Schiller JH, Harrington D, Belani CP, Langer C, Sandler A, Krook J, Zhu J and Johnson DH; Eastern Cooperative Oncology Group, : Comparison of four chemotherapy regimens for advanced non-small-cell lung cancer. N Engl J Med. 346:92–98. 2002. View Article : Google Scholar : PubMed/NCBI


Boffetta P, Couto E, Wichmann J, Ferrari P, Trichopoulos D, Bueno-de-Mesquita HB, van Duijnhoven FJ, Büchner FL, Key T, Boeing H, et al: Fruit and vegetable intake and overall cancer risk in the European Prospective Investigation into Cancer and Nutrition (EPIC). J Natl Cancer Inst. 102:529–537. 2010. View Article : Google Scholar : PubMed/NCBI


Miller AB, Altenhurg HP, Bueno-de-Mesquita B, Boshuizen HC, Agudo A, Berrino F, Gram IT, Janson L, Linseisen J, Overvad K, et al: Fruits and vegetables and lung cancer: Findings from the European Prospective Investigation into Cancer and Nutrition. Int J Cancer. 108:269–276. 2004. View Article : Google Scholar : PubMed/NCBI


Linseisen J, Rohrmann S, Miller AB, Bueno-de-Mesquita HB, Büchner FL, Vineis P, Agudo A, Gram IT, Janson L, Krogh V, et al: Fruit and vegetable consumption and lung cancer risk: Updated information from the European Prospective Investigation into Cancer and Nutrition (EPIC). Int J Cancer. 121:1103–1114. 2007. View Article : Google Scholar : PubMed/NCBI


Büchner FL, Bueno-de-Mesquita HB, Ros MM, Overvad K, Dahm CC, Hansen L, Tjønneland A, Clavel-Chapelon F, Boutron-Ruault MC, Touillaud M, et al: Variety in fruit and vegetable consumption and the risk of lung cancer in the European prospective investigation into cancer and nutrition. Cancer Epidemiol Biomarkers Prev. 19:2278–2286. 2010. View Article : Google Scholar : PubMed/NCBI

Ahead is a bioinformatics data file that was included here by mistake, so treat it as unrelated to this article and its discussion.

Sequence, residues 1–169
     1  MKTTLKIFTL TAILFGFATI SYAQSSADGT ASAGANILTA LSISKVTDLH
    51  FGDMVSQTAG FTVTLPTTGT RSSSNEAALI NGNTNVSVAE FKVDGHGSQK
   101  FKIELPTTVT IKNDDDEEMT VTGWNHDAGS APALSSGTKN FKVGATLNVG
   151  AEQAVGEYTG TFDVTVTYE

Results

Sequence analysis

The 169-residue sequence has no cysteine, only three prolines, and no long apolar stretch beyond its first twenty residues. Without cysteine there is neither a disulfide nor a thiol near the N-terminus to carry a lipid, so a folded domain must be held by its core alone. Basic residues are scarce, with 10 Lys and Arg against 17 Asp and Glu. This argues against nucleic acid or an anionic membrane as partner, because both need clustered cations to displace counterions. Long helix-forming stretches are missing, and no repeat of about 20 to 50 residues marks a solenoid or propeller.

Wang M, Qin S, Zhang T, Song X and Zhang S: The effect of fruit and vegetable intake on the development of lung cancer: A meta-analysis of 32 publications and 20,414 cases. Eur J Clin Nutr. 69:1184–1192. 2015. View Article : Google Scholar : PubMed/NCBI


Zhou Y, Zheng J, Li Y, Xu DP, Li S, Chen YM and Li HB: Natural polyphenols for prevention and treatment of cancer. Nutrients. 8:pii: E5152016. View Article : Google Scholar


Amararathna M, Johnston MR and Rupasinghe HP: Plant polyphenols as chemopreventive agents for lung cancer. Int J Mol Sci. 17:pii: E13522016. View Article : Google Scholar


Patil BS, Jayaprakasha GK, Chidambara Murthy KN and Vikram A: Bioactive compounds: Historical perspectives, opportunities, and challenges. J Agric Food Chem. 57:8142–8160. 2009. View Article : Google Scholar : PubMed/NCBI


Sak K: Cytotoxicity of dietary flavonoids on different human cancer types. Pharmacogn Rev. 8:122–146. 2014. View Article : Google Scholar : PubMed/NCBI